On December 25th, the movie Unbroken was released into theaters. Directed by Angelina Jolie, Unbroken follows the true tale of Louis Zamperini, a famed Olympic runner who, during World War II, became stranded at sea for 42 days and later imprisoned in a Japanese POW camp. His survival story is so unbelievable, and yet so extraordinary that it’s hard not to like this movie a bit.
Overall, I found that the movie did its job in showcasing just how mentally strong Louis Zamperini was. The actor who played Zamperini, Jack O’Connell, portrayed his part perfectly. I was awed at how well this newcomer adapted to the big screen.
As for the role of The Bird, the actor, Miyavi, was pretty darn convincing considering this is his first acting role ever. Before the movie, he was a Japanese singer.
As for Angelina Jolie, I feel she did a pretty good job in her directorial debut. Most of the movie made viewers feel like they were actually in the movie with the actors. Other scenes really captured the true grit of the scenario, which when achieved properly is a big success.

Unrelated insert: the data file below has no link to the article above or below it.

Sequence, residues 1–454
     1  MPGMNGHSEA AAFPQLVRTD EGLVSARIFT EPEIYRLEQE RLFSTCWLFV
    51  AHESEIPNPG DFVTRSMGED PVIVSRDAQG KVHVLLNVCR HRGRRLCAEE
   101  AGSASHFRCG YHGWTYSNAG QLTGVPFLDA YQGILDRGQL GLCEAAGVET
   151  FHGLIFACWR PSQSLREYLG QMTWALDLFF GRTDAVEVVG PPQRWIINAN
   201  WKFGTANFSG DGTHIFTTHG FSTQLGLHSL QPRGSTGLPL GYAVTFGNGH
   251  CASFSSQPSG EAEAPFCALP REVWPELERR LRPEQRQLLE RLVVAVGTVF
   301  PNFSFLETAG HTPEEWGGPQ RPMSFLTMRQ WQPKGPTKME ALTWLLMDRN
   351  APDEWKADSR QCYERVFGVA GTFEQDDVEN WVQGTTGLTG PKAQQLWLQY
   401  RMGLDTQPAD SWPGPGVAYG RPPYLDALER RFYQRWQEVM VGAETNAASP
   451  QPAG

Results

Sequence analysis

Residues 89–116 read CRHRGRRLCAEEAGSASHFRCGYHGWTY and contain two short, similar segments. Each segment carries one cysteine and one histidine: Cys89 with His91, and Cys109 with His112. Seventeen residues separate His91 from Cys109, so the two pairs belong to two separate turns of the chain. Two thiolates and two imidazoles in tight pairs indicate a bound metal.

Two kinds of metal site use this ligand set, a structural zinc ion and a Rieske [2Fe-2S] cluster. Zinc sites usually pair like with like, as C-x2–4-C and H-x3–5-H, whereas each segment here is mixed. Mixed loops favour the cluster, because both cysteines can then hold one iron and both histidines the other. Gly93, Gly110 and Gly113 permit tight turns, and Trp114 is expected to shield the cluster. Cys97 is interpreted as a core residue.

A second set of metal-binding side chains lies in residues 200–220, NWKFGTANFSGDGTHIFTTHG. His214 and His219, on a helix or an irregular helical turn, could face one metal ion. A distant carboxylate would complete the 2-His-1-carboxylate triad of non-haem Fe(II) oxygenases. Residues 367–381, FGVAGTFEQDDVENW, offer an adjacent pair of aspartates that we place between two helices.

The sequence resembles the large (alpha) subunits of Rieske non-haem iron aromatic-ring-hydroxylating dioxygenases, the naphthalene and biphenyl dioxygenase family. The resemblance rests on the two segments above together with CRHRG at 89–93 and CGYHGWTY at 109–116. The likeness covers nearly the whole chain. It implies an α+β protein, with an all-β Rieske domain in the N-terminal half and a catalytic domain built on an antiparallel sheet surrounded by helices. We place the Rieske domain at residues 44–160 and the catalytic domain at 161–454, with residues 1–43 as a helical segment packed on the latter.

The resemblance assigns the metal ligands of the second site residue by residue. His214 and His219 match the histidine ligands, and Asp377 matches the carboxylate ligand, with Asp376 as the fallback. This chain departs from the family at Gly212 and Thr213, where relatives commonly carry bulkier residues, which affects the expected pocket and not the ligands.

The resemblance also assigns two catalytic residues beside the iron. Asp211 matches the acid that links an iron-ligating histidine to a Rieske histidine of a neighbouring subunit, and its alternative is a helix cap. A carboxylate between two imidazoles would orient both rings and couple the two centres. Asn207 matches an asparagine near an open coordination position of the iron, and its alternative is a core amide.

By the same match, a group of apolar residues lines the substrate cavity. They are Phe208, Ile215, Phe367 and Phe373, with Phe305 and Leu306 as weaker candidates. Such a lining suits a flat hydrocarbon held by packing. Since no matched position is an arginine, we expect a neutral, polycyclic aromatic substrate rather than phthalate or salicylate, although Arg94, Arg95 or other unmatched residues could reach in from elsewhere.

My one comment to Ms. Jolie would be to improve on casting decisions. 80% of the POWs in the enemy camp looked like they were dragged out of a Calvin Klein commercial; even though the result was huge amounts of eye candy, it wasn’t realistic at all.
My other complaint about the film was that the motion picture completely omitted the last 60 pages of the book. If you read the book on which the movie is semi-based on, like I did, then that is a huge disappointment. The last portion of the book deals with Zamperini’s battle with PTSD. However, the only mention of this struggle is a one line at the end of the movie.
Personally, I feel like that by including Zamperini’s problem, one can truly appreciate how Louis, although dealing with many demons, still survived and there is the quintessence of the word unbroken.
On the whole, the movie was exactly what I envisioned to be: not as good as the book, but still an impressive movie. What I’m even more impressed by is the memoir of Louis Zamperini. If you like feel good stories, then I strongly recommend watching this movie.